Viking Town Name Generator & Short Stories

The walls of Beinholt were of no ordinary stone or wood construction. With each failed siege they grew taller, shored up with the bones of fallen enemies.

Generate Names

Angtoft

Selby

Ennestoft

Threlkirk

Hikkisun

Kirkjahús

Steinnhaugr

Skaggarðr

Epthveit

Haugrtoft

Langskirk

Haugrvik

Forge Your Own Name: Discover Our Name Suggestions & Backstories

Table of Contents

The Viking Age was a fascinating period of history in its own right, but the unique customs and attitudes of its clans make it ideal fodder for new fantasy landscapes. Choosing a name as mighty as the Vikings themselves is vital, whether you’re setting the scene for bloodthirsty battles, or exploring the intriguing worlds of Norse mythology.

Good Viking Town Names

Viking towns were often named with references to local geographical features, establishing their worth to a clan and aiding navigation. Inspiration for towns of your own creation can follow this example using words from the Old Norse language, allowing you to use as much creative license or historical authenticity as you like.

  • Skeggen        
  • Jellige        
  • Kegthveit        
  • Jorvik        
  • Threltoft        
  • Skellikirk        
  • Jorgustoft        

Dreyrugrakr

Dreyrugrakr is famous for raising the land’s mightiest warriors, who practice their craft with cruel and bloodthirsty precision.

  • Oskeld        
  • Beinholt        
  • Angtoft        
  • Jorgethorpe        
  • Elthveit        
  • Threlkirk        
  • Kelsby        
  • Ornkirk        
  • Laugebekka        

Búðvik

Sometimes the best place to settle is the first place you land. This philosophy has served the citizens of Búðvik well, as the coastal caves protect them from waves and raiders alike.

  • Kirkness        
  • Skegthveit        
  • Hofon        
  • Langthveit        
  • Kellithorpe        
  • Elvik        
  • Jorskeld        
  • Klifholm        
  • Skaptaholt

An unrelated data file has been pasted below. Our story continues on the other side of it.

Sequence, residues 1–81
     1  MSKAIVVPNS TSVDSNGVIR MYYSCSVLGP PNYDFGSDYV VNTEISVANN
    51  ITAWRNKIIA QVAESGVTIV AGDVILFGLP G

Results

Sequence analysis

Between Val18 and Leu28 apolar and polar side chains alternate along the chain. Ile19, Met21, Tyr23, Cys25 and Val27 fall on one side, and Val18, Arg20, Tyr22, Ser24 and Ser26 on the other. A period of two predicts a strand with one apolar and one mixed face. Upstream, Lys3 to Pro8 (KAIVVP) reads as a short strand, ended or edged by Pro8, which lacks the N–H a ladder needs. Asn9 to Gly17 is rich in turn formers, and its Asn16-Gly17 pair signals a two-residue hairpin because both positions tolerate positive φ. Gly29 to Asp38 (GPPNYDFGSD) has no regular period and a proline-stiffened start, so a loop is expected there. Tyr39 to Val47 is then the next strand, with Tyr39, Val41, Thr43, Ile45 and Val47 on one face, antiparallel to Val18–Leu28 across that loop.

Aepellundr

A charming town built around an abundant orchard. Each year, the apple harvest is celebrated with communal dances, and plentiful cups of mead.

  • Bekketoft        
  • Skagata        
  • Jagness        
  • Hekklevik        
  • Ennestoft        
  • Skaggahús        
  • Jendelbekke        
  • Garðrgata        
  • Jundthveit        
  • Skegtoft        

Mikillhús

Mikillhús is so-called for the majestic hall which sits atop its central hill. Its shadow across the lower dwellings ensures the ruler’s might will never be forgotten.

  • Jegby        
  • Haroldhús        
  • Threlness        
  • Gatahús        
  • Ullusthveit        
  • Apaltoft        
  • Holgata        
  • Skegness        
  • Langby        
  • Ullasund        

Fúllbekkr

The stinking bogs of Fúllbekkr are enough to deter any would-be raiders, but its citizens know that come Spring, it’s one of the few places around where the water runs clear.

  • Búðholm        
  • Mikkilklif        
  • Ellestoft        
  • Kestelbekke        
  • Kaldrholr        
  • Langrgata        
  • Koppisthorpe        
  • Hikkisun        

Breiðrþvait

After a particularly vicious battle led to the burning of all local resources, this town was renamed Breiðrþvait, reflecting the barren expanse that remained.

  • Eskiholm        
  • Threlby        
  • Sandhús        
  • Steinnhaugr        
  • Epthveit        
  • Kirkjasteinn        
  • Kaldrhús        
  • Eppletoft        

Djúprholr

A town for the fearful, Djúprholr is hidden deep within the cleft created by two mountains. The passage to its gates isn’t shown on even the most detailed local map.

  • Langskirk        
  • Ellegata        
  • Garðrdalr        
  • Indelsthorpe        
  • Haugrlund        
  • Búðness        

Digging into the rich history of the Viking era provides great inspiration for town names. Let me know in the comments which ones you liked best, or if you’ve come up with your own interesting combinations. Feel free to share with fellow raiders and sailors too!

Cassidy Ferrari
Cassidy Ferrari
D&D is a creative practice for me, in which I can explore everything from the surreal to the divine. I like to use names as a storytelling device, so every interaction helps players to build a stronger mental image of the world. I hope that my articles for Codex Nomina help you have more fun with fantasy names!

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